US State Secretary Mike Pompeo told The New York Post in a Wednesday interview that a Chinese consulate in New York City is a hub for espionage on US soil, following the arrest of an NYPD officer who was charged with spying for Beijing.
“They’re engaged in activities where they’re crossing the line from normal diplomacy to the kinds of things that would be more akin to what spies are doing,” Pompeo said, referring to the NYC-based Chinese consulate.
In July, the US closed a Chinese consulate in Houston, Texas, declaring the location an espionage hot spot and a centre for attempting to steal medical data related to the development of a coronavirus vaccine.
The decision to close the consulate came after an NYPD police officer, Baimadajie Angwang, was accused earlier this week of serving as an agent for the Chinese government and helping it find information about New York City's Tibetans - an accusation denied by Beijing as "completely fabricated"
Despite Beijing dismissing the accusations, Pompeo insisted that the NYC consulate is connected to espionage, and warned that more arrests of diplomats and agents are to come.
This is not the first time Chinese consulates in the country have been targeted by the Trump administration, as earlier in July, Houston saw a shutdown of its Chinese consulate on the same allegations, after the FBI accused employees of participating in a hub for stealing medical data on a COVID-19 vaccine and trying to infiltrate oil and gas industries.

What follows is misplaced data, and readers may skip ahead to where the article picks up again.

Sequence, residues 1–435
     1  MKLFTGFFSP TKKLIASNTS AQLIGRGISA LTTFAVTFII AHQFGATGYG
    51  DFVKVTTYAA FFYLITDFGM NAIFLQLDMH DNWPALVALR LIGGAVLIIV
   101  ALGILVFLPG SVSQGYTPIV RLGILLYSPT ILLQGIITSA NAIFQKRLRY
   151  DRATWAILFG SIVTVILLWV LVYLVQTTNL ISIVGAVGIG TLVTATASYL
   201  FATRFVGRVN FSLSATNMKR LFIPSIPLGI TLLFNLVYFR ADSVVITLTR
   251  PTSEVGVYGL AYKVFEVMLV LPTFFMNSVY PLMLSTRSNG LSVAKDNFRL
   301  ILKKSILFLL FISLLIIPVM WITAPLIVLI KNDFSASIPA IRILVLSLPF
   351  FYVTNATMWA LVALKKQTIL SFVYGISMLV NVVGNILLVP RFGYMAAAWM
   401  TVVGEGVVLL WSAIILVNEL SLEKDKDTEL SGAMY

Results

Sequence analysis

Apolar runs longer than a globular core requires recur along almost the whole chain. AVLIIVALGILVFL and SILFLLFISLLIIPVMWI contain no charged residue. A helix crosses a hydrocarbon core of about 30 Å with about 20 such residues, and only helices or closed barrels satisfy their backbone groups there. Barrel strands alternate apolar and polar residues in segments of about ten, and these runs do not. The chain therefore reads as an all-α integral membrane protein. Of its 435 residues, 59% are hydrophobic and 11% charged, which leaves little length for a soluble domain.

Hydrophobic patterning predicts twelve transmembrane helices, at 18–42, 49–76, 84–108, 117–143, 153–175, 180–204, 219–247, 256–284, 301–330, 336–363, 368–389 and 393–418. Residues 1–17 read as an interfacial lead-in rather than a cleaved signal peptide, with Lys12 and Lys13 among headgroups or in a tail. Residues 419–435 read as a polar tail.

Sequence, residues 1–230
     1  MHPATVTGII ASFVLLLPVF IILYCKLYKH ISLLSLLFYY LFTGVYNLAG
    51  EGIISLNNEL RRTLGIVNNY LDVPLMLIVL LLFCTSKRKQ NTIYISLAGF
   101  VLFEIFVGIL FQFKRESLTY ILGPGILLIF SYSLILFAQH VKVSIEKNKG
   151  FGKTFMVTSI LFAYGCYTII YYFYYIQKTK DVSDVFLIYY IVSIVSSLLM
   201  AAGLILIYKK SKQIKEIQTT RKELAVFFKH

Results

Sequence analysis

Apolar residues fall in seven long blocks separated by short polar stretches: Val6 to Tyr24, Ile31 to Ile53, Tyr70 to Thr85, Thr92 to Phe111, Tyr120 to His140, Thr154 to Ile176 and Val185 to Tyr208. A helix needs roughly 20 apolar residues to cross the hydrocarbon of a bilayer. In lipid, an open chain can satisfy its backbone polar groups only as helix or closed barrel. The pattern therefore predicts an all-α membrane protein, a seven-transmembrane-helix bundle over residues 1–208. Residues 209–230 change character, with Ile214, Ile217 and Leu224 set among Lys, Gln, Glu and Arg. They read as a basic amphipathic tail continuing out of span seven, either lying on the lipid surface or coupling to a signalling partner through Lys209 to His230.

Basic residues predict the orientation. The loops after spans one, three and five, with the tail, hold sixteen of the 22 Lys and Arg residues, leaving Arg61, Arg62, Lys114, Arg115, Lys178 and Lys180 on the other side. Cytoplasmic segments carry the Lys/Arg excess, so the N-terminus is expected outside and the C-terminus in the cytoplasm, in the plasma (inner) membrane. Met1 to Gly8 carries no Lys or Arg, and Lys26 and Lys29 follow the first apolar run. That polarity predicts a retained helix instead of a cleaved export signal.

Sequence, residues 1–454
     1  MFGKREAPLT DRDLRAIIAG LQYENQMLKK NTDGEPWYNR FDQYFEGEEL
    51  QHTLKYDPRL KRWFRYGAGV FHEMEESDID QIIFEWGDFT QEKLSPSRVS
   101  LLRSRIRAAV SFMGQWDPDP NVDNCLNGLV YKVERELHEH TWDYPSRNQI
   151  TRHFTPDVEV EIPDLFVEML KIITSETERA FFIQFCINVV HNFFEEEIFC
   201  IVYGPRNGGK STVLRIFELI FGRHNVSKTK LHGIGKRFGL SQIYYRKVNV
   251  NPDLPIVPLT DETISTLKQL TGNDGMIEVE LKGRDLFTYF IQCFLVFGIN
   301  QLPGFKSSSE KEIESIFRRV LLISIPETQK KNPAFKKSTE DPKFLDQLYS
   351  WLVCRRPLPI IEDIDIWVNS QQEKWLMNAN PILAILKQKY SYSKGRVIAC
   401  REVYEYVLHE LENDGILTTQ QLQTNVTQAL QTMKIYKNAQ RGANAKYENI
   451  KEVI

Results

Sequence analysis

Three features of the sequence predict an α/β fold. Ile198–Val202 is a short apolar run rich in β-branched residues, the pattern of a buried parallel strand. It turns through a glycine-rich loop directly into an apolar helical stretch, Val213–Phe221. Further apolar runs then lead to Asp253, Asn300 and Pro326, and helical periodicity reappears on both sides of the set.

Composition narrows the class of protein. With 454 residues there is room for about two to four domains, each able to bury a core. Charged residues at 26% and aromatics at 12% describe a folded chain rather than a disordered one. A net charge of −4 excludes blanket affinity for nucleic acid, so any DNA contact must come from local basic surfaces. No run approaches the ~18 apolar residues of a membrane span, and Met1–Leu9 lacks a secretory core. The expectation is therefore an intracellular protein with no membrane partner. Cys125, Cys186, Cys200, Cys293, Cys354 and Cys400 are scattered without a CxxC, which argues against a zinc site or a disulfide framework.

“We closed it because they’re engaged in espionage and that is a legal term. It’s not just a spy novel term. It is a very data-driven, analytic, fact-based analysis that says, ‘No, this is espionage, it’s unlawful, and therefore, we’re going to send you back'", Pompeo claimed Wednesday.
As Chinese diplomats have been accused of espionage, with Chinese consulates in San Francisco and New York City labeled as spy hubs, new reports emerged alleging that Beijing's devious "spy network" has taken over the country. According to The Post, citing unnamed DoJ officials, the alleged espionage scheme has found its way into over 25 cities.
The administrations of US President Donald Trump and Chinese President Xi Jinping have not been enjoying warm relations recently, as the White House points a finger at Beijing when it comes to many internal and foreign problems: the coronavirus pandemic, trade, national security and technological development. According to the White House, China is to be blamed for COVID-19 outbreak, threatening the US' national security and attempting to meddle with the US presidential election.
As Trump attacks Chinese diplomats, apps including TikTok, and tech companies such as Huawei, Beijing has denounced White House foreign policy toward China, insisting that the White House is attempting to scapegoat Xi and his government for internal political problems and global challenges, such as the ongoing COVID-19 pandemic.